• This application period is typically open from April 1 through July 31 and forms will be available during that timeframe.

To be eligible for any GVEA scholarship, the applicant (or member of the applicant’s immediate family) must be a member of Golden Valley Electric Association and receive electric power from GVEA at his/her principal residence.

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The application window for the first seven scholarships is now open. The Scholarship Committee will meet in April 2019 and will select the scholarship recipients via a “blind-copy” process. Once the scholarship recipients have been notified, their names will be posted below.  Deadline to submit an application packet is Friday, March 1, 2019.

Click HERE for more information or to apply.

First Alaskans Institute Indigenous Leadership Continuum Staff will be hosting an Info Session at UAA Native Student Services (Rasmuson Hall, Room 108) on Thursday, February 28, 2019 from 12-1:00 pm. Lunch & Door Prizes will be provided (see flyer attached). Shout out to 2006 alumna, Christine White (Tlingit & Haida from Sitka)! She will be sharing her internship experience during this info session.

They will also have an Info Table at the UAF Alaska Native Scholarship & Internship Fair (UAF Wood Center) on Friday, March 1, 2019 from 11 am – 4:00 pm.Following the fair, we will have an Info Table at Festival of Native Arts (see schedule attached) in Fairbanks on Friday, March 1, 2019 from 4-10:00 pm. Door Prizes (aka cool stickers, First Alaskan Magazines, flyers, info, etc.) will be provided at the table. Shout out to 2016 alum, Terrell Jones (Inupiaq from Deering)! He will be helping ILC man our table while sharing his experience as well. Please help me share the attached flyers via social media platforms (Facebook, Twitter, Instagram).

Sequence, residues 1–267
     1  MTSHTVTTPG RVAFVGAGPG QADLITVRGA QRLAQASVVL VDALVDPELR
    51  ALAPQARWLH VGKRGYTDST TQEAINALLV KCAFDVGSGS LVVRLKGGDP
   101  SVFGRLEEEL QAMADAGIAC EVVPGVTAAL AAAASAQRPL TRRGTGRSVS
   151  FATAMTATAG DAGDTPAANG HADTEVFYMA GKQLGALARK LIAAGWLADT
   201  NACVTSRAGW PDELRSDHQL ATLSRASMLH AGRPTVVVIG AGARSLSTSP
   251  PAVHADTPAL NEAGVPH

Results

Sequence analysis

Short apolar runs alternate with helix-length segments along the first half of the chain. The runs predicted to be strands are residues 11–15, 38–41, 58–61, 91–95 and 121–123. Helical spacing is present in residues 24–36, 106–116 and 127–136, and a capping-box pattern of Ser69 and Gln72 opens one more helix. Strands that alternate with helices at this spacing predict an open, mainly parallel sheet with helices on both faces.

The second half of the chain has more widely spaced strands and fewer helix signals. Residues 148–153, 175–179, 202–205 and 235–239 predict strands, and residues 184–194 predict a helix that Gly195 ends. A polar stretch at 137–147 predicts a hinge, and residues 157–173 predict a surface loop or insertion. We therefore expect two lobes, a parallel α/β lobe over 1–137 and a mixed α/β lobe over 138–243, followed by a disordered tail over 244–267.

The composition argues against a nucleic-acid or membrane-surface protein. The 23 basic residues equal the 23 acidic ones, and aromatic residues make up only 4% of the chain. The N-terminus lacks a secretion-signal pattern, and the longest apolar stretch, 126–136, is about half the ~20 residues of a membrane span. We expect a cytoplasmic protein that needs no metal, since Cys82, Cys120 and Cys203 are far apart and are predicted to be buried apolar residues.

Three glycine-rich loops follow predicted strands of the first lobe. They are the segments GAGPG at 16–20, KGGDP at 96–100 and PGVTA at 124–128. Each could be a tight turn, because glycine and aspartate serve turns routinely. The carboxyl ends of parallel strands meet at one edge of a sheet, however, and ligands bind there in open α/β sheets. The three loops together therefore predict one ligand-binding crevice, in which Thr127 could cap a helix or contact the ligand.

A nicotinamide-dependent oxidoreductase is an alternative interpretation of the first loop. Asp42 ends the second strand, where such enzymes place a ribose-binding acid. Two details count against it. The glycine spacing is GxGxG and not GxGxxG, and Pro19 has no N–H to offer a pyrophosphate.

SIP Info Session Flyer UAA Native Student Services 2.28.19.pdf

SIP Info Session Flyer UAF Alaska Native Scholarship Internship Fair 3.1.19.pdf

2019 Performance Schedule.pdf

“When speaking, a part of our history comes back to life”

 

DavidA committed language learner, speaker and student, David Engles is a content creator with Doyon Languages Online, a Doyon Foundation project that is creating online language-learning opportunities for nine of the 10 Alaska Native languages of the Doyon region.

David’s language is Benhti Kenaga’, a Doyon region language traditionally spoken in the vicinity of the Minto Flats and the Tanana Valley, including the region now occupied by the city of Fairbanks. It is one of 10 languages located in the Doyon region.

David’s parents are Celeste Engles and Glenn Alexander of Benhti. He wishes to recognize Betty Engles, Jim and Evelyn “Tudrock” Alexander, and Neal and Geraldine Charlie of Benhti.